As the Financial Conduct Authority considers imposing a deadline for making PPI claims, we explore the possible scenarios facing financial organisations in what could be one last push before the most expensive issue to hit the UK Financial Services industry is finally put to bed.
The unprecedented scale of PPI
There is no doubt that Payment Protection Insurance (PPI) has been a huge issue for the UK Financial Services and it is worth reminding ourselves of the sheer scale of the scandal.
- Over 16 million PPI complaints have been made since 2007 with over £22bn of redress being paid to customers as a result.
- PPI continues to be the most complained about product referred to the Financial Ombudsman Service (FOS), with 43,982 new cases received in the final three months of 2015 and 67% of decisions being upheld in favour of consumers during the same period.
- Recent weeks have shown that financial results for a number of banks are still being impacted by PPI, with extra provision totalling billions of pounds being announced.
In November 2015 the FCA released Consultation Paper CP15/39 - Rules and Guidance on payment protection insurance complaints and a deadline of February 26 for firms to respond to the proposals was set. The final announcement following this consultation is still pending, but in preparation for an imminent announcement, firms should be aware of the consultations contents and be ready to take action when the new rules are announced.
The industry's reputation has taken a hammering as a result of this issue and financial services organisations have invested heavily in their complaint handling, remediation processes and customer service functions in order to repair the damage.
At the other end of the spectrum, there is a very real possibility that there might not be a noticeable impact on new complaint numbers. As the consultation paper states, firms have already proactively contacted around five million customers who may have been mis-sold PPI in the past and two thirds of British adults have received a phone call, text message, e-mail or letter from a CMC about PPI. Add in the number of TV and radio adverts relating to PPI and there is a strong argument that consumer awareness is already high. Let us also not forget that PPI is an insurance product, so there is a populus who knew what it was and opted for it to be included, so subsequently have not complained because they know they have no legitimate grounds to do so.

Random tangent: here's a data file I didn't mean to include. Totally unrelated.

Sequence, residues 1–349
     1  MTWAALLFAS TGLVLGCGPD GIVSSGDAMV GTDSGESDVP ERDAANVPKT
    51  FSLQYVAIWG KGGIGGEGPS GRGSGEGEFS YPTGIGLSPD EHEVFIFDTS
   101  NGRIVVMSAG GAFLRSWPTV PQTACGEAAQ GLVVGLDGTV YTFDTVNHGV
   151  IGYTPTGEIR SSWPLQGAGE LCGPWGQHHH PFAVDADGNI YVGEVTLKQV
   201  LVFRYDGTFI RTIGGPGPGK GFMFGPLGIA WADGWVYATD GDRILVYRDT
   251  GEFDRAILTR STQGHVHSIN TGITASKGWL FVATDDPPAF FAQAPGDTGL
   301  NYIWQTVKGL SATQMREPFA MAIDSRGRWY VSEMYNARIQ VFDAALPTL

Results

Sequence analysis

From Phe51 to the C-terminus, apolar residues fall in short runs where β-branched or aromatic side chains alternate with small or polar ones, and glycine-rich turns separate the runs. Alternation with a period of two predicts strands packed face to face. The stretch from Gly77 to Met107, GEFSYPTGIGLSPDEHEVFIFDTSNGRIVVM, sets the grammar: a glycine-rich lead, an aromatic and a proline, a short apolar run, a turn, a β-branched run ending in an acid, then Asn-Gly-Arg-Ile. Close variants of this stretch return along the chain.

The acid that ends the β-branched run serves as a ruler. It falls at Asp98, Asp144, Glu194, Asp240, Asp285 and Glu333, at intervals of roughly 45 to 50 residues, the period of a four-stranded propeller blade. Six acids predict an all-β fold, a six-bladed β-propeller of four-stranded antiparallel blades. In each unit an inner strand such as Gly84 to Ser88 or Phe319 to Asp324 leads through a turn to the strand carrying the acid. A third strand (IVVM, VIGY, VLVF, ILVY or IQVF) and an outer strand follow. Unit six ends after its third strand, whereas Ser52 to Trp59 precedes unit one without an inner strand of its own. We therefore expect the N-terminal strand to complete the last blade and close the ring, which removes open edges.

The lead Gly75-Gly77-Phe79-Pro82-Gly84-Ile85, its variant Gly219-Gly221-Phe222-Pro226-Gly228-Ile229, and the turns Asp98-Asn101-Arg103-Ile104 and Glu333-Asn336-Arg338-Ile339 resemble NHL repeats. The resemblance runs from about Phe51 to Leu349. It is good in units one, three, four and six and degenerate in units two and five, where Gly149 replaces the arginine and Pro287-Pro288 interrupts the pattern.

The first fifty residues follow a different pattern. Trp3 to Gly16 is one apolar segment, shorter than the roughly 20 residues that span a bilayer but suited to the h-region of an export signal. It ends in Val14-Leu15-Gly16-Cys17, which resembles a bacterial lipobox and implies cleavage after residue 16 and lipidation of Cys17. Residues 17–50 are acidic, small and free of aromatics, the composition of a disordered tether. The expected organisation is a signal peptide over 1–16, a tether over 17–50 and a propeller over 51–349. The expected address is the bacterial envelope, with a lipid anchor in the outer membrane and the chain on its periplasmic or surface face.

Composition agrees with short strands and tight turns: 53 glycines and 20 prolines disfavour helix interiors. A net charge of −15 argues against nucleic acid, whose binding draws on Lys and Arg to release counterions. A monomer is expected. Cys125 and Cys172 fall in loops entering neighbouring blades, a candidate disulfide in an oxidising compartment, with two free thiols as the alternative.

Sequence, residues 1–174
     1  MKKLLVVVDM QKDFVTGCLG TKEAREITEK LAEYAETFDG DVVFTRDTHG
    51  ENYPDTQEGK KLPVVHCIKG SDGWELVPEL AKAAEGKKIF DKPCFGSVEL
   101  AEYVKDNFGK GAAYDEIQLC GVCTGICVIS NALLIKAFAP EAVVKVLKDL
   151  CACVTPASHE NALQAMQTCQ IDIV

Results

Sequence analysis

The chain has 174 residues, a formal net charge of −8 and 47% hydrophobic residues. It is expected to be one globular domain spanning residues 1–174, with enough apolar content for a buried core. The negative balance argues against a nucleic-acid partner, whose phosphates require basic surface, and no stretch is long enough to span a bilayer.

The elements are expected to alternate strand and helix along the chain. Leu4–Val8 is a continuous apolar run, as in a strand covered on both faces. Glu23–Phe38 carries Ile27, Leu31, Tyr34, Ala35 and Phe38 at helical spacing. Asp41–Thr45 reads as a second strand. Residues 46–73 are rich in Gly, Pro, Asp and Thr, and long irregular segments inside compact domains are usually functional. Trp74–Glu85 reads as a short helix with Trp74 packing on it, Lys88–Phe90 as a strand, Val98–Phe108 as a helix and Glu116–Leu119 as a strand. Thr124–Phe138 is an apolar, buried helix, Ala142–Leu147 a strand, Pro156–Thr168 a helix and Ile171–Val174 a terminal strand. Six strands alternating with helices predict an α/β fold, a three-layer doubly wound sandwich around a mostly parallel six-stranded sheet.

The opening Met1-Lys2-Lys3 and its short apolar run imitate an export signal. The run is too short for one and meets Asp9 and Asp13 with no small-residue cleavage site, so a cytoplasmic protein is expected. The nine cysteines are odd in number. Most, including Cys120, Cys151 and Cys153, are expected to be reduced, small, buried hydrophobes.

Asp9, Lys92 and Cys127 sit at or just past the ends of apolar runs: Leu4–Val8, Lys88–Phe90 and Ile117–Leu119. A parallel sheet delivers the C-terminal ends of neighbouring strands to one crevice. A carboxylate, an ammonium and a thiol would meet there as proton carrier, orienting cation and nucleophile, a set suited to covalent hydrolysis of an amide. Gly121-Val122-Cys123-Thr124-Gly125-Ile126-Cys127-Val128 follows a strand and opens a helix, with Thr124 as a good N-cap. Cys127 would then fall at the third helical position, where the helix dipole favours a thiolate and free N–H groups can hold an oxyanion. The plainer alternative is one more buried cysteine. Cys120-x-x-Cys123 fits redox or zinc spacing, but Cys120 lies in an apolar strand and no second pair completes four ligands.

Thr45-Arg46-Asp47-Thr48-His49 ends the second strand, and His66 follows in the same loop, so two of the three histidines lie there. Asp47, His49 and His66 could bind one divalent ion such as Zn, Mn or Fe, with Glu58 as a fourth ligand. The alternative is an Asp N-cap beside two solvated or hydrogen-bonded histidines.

The Plevin Ruling
The consultation paper proposals on Plevin relate to specific types of complaints about the amount of commission earned from a PPI sale and whether non-disclosure of this amount to a customer resulted in an unfair relationship under section 140B of the Consumer Credit Act. The paper stresses that the guidance provides for some flexibility but suggests that when commission exceeded 50% then failure to disclose this to customers did give rise to an unfair relationship.
The paper proposes that appropriate redress would have three elements: 1) the difference between what the customer paid and 50%, 2) the historic interest the customer paid on that amount and 3) annual simple interest at 8% on the sum of 1) and 2). However, it also states that firms should consider whether a different form of redress is required to remedy the unfair relationship. Whether any firms would choose to move away from the three-stage approach outlined in the paper is questionable, but this wording does provide an opportunity for firms to be innovative and consider other options.
It is a positive for firms that the paper states there will not be an expectation on them to proactively review past sales or previously rejected complaints linked to the scenarios raised in Plevin. However, the fact that it is called out as a specific subject will raise the awareness of this type of complaint and could result in an increase in volume. Firms should be able to assess whether commissions for past sales exceeded 50% and ensure they can calculate redress effectively for such cases.
What to plan for?
Given these unknowns, scenario planning should be something firms are considering and the availability of a flexible and knowledgeable workforce is key. Firms should be ready to move quickly if the PPI volumes do start to increase, but may not wish to recruit and train large numbers of staff for something that might not come to fruition. In this situation, contingency plans should be in place to maintain operational readiness, preparing for the future and also protecting service levels on other work streams from being impacted by PPI.